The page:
Tuesday 20 November 2012

The Decade of Austerity

For the last couple of days I have been away at the County Council Network' annual conference.  It was extremely useful.  In particular, I picked up quite a few ideas about Adult Social Care that I will look at in more detail and discuss with officers at Cambridgeshire.

There was, of course, lots and lots of debate about budgets and "austerity".  It is absolutely clear that the financial issues that Councils face are here until at least 2020. The phrase "the decade of austerity" was used a number of times.

It was also stressed that one of the ways that Councils needed to deal with this was through saving money by working closer with the rest of the public sector and especially that County Councils need to work hand-in-glove with Districts to cut costs. It' a message that I welcome, one of the benefits of being a "dual-hatted" Councillor is that you can use the role to develop mutual understanding of issues to make that joint working happen.

This joint working is already happening in Cambridgeshire; it needs to be better, but it is happening.  Arguably, the best example is the 2020 vision for Wisbech.

The "S" Word Again

Over the last few days a draft report for the proposed repeat supermarket planning meeting has been discussed and, indeed, circulated.  That draft report is just that, a draft, it has been prepared in the run up to January to allow both Sainsbury and Tesco to comment as a way of preventing the technical error that caused the problem after 29th August.  So it is likely that they will change before they are (potentially) discussed by the planning committee in January.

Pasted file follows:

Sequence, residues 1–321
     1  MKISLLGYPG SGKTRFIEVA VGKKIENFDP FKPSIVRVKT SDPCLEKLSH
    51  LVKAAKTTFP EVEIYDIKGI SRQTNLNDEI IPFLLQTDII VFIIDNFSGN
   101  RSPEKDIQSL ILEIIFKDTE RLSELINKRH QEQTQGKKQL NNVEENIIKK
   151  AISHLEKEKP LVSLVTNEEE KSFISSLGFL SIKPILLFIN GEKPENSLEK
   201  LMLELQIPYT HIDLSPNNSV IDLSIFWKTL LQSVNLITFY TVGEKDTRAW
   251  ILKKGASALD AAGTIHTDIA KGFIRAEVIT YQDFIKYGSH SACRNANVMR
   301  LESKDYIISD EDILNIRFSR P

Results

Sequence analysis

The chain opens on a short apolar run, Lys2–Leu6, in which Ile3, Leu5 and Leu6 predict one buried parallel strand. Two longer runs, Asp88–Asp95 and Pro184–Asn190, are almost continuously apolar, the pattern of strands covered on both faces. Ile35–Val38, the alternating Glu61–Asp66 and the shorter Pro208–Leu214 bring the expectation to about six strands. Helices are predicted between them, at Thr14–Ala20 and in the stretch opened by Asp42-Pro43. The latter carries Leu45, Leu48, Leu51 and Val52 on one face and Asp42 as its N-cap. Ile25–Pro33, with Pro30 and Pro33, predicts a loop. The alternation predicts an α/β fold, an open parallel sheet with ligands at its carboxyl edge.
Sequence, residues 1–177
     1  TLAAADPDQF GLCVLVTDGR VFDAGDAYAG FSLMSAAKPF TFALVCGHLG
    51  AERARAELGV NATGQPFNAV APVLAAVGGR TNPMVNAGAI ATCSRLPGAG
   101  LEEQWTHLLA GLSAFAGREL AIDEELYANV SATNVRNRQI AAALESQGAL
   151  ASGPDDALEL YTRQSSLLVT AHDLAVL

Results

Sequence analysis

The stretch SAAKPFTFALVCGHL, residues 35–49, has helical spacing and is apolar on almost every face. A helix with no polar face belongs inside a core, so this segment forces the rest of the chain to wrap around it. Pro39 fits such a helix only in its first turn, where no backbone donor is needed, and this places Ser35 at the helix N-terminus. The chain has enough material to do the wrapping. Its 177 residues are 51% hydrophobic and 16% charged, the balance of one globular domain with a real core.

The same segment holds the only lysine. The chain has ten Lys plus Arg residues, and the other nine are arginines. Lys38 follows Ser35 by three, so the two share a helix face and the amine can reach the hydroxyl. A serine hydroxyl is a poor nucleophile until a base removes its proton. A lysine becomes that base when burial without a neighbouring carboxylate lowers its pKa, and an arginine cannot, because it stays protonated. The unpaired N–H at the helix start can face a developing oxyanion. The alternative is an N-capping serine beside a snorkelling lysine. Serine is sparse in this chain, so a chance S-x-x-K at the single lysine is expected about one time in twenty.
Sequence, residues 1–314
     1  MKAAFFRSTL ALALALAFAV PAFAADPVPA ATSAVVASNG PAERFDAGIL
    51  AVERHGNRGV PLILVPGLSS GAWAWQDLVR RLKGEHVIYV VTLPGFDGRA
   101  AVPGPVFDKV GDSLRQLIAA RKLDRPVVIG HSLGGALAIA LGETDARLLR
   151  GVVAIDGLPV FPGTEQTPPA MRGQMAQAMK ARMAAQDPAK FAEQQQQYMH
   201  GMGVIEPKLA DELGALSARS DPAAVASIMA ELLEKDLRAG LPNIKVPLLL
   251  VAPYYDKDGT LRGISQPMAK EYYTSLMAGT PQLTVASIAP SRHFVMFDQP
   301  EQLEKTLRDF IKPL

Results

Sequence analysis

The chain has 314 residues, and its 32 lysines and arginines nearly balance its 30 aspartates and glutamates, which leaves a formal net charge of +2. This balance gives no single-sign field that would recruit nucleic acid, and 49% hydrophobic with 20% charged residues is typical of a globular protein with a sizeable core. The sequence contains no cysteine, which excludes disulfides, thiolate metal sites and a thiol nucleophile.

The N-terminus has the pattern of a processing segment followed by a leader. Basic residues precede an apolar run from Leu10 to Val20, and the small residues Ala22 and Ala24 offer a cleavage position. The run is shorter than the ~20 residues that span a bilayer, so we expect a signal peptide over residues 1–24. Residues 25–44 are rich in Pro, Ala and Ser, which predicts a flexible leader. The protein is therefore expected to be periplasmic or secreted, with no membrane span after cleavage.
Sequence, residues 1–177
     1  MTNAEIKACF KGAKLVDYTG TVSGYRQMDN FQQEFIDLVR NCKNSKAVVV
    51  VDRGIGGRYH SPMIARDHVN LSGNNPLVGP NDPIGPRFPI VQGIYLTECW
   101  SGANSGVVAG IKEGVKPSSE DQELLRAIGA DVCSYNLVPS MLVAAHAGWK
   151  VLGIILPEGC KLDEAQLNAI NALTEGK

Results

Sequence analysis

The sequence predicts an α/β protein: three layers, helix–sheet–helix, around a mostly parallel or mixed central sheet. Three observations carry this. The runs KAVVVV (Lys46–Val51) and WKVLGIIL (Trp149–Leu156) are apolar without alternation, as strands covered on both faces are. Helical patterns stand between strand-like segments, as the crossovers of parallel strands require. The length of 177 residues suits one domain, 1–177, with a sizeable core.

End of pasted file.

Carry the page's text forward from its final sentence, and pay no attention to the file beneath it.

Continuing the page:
The recommendations in this draft report are exactly the same as they were on 29th August; to refuse the combined Sainsbury Supermarket and Country Park application, to refuse the proposed business park and to approve the Tesco application. I am really disappointed by this and will be putting in some challenge about the reports, in particular about the role of localism in decisions like this, given these comments by the previous Planning Minister.

However, I still have a number of concerns about the proposed January meeting.  Not least that I have my doubts it will happen, my suspicion is that there will be a legal challenge prior to it taking place (although I have no evidence to say this definitely will be the case).

From the very point that these applications descended into chaos I have made the case that Fenland District Council must consider Whittlesey people when they sort things out, to date I don't believe that has happened.  Prior to January's meeting a couple of issues need to be thought about:
  • How can anyone expect Whittlesey people to have confidence in any decision when they do not have a clue why what looked like a perfectly good and legal decision to approve a Sainsbury supermarket and country park is being revisited (and it needs to be stressed that on 29th August Planning Officers at Fenland District Council agreed that the reasons for appoval were good planning reasons)?
  • Don't Whittlesey people have the right to know exactly what the sequence of events was between 29th August when the Tesco supermarket was refused and 19th September when it was so controversially approved? Unless this happens they cannot know that the situation has been properly and appropriately dealt with - and therefore they cannot have confidence that this fresh decision is going to be the open and and honest one that they expect and deserve.  You only have to go and look a some of the comments on various internet forums and social media sites to realise that this is definitely not the case at the moment.